Yet according to Kant’s theory of transcendental idealism, space and time are entirely subjective manifestations of our own intuition.  We only see what we perceive and may not know the actuality of what is out there.  If I do not recognize or perceive a soul-mate, he will not exist in my subjective world (although he may exist in the real world).  Kant’s theory has some truth: I only see what I want to in this complicated universe because reality is too vast for me to comprehend.  My impressions of places, people, and events form the basis of my understanding of the world and guide me to take appropriate actions.  Thus, my life is what I interpret it to be.  However, transcendental idealism imprisons us into our own flawed stone-walled minds and intuitions.  What if I consistently fail to sense the right partner due to the limitations of my mind?  Will I choose the wrong man as my “soul-mate”? It appears transcendental idealism and fate cannot coexist in regards to love…or can they?  For those who believe in destiny, making a soul-mate into an exercise of logic may seem ludicrous.  For me, it is a constant question and source of curiosity.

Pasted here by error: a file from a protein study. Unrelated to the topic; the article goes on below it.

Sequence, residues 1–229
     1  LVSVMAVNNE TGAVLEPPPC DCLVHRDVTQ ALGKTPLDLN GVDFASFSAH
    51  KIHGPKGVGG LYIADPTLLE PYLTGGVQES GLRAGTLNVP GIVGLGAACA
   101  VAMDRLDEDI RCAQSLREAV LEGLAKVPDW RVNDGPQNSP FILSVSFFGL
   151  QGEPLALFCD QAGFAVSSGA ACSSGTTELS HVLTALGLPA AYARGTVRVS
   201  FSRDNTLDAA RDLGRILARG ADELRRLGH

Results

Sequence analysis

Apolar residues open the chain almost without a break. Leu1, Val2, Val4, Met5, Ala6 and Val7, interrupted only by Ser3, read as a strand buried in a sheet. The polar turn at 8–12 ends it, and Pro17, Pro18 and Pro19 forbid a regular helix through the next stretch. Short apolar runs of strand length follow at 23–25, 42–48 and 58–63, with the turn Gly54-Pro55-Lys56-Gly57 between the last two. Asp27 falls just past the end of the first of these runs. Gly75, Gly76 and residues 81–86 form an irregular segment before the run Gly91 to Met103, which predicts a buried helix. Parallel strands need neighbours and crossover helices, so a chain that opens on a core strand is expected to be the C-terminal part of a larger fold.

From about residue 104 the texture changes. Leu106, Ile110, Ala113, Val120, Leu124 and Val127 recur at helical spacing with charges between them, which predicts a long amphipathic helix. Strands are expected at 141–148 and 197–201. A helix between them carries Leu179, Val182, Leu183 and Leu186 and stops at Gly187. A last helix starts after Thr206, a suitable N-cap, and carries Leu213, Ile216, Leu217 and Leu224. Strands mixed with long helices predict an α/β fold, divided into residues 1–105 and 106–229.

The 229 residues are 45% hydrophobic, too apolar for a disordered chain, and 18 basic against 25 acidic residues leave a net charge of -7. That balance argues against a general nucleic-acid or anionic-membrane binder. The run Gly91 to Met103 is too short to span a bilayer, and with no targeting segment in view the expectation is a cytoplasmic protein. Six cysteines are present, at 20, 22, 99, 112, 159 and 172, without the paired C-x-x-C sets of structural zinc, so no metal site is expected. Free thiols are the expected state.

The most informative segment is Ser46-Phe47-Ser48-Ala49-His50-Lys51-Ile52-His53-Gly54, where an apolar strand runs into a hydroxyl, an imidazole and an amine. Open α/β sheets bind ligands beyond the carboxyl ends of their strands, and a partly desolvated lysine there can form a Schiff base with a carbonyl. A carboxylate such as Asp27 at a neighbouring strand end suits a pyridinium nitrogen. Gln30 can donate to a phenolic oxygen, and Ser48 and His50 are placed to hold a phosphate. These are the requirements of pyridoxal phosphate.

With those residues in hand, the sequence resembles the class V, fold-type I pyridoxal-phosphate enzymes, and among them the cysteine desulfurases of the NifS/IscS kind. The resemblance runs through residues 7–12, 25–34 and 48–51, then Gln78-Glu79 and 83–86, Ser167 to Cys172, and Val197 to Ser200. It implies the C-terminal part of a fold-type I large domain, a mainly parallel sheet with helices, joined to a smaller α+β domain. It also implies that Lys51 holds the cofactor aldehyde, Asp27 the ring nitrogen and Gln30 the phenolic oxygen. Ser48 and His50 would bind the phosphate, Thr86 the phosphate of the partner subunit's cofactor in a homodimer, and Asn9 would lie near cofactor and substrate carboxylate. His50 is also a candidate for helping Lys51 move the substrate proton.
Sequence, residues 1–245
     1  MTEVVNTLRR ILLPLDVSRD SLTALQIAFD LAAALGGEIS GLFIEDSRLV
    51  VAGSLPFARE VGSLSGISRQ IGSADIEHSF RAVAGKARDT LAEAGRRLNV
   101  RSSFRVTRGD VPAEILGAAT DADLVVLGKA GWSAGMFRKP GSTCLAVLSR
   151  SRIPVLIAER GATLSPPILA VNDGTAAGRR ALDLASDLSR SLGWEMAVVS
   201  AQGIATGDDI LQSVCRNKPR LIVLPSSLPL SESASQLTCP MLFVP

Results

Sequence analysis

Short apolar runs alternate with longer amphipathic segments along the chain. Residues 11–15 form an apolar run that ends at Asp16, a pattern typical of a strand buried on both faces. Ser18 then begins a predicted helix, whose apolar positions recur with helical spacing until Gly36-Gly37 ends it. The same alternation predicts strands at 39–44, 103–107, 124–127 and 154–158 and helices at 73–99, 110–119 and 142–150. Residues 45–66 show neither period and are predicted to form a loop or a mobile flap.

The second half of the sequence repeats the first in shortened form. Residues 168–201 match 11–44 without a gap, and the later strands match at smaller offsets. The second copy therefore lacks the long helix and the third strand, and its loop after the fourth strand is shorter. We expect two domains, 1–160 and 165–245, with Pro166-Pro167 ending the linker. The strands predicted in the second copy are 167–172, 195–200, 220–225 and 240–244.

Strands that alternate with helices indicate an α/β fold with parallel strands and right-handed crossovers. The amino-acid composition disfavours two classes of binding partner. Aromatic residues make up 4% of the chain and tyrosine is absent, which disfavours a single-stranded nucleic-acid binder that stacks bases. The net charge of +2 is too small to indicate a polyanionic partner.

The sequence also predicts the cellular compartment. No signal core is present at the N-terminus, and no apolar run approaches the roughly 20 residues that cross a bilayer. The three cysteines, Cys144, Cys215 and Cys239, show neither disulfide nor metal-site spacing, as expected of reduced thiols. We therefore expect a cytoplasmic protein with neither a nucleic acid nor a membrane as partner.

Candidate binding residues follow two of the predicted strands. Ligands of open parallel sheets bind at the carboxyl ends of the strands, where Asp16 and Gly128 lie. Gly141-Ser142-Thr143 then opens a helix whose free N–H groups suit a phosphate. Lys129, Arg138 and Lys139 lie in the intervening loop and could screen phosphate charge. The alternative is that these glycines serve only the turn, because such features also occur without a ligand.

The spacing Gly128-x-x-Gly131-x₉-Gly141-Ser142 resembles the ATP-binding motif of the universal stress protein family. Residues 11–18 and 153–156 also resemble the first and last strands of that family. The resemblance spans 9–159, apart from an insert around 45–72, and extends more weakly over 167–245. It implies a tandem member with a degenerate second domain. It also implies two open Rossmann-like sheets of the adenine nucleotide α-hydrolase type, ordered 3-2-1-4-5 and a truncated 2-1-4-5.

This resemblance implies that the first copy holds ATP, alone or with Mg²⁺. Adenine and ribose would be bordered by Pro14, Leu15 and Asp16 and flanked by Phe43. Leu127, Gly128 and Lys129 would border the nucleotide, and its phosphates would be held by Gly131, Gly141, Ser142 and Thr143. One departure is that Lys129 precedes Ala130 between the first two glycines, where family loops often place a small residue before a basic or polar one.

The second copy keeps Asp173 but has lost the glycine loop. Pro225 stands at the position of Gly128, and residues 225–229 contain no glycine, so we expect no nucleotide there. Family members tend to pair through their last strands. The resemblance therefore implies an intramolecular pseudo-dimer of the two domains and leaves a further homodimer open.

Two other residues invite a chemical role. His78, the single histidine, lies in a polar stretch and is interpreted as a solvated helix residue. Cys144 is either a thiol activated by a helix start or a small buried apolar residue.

On one hand, I do believe in destined paths; for example, my idealistic thoughts on true love are:


I came alive when I met you,

My soul found its match in your truth.

Yet, I also believe in my own twisted perception of reality.  When forming connections, I try to befriend those who appear as “bosom friends” (aka a kindred spirits in the words of Lucy Maud Montgomery).  My sense of judgement is not perfect and on occasion I have misinterpreted a mean-spirited or selfish person as a bosom friend. Similarly in relationships, my subjective impression of men has clouded who they really are and yikes how many cloudy days I’ve experienced! So many cloudy days…


Ultimately, my idea of who my soul-mate is may differ from what fate intends, and this conundrum will never be solved in my mind.  All I can do is reflect on the unanswered questions.  Maybe I should stop caring all together, as destiny and perception will continue onwards regardless of how much I try.  Maybe I should

Let the future be unruly.

A Single Man

A Single Man (Film by Tom Ford)

This film unearths what we’re all feeling on the inside and presents it with simple beauty: loss of love hurts and the pain persists (sometimes indefinitely). The main character allows life to pour into in his day for the first time in a long time. That one day highlights his misery but also shows him that unexpected pleasures are vibrant enough to overcome the pain. He discovers warmth and happiness can be manufactured in a cold warehouse from simple materials: the soft fur of a dog’s head, the haunting green of a woman’s eyes, drunken laughter shared with a friend, and a refreshing dip into the moonlit ocean.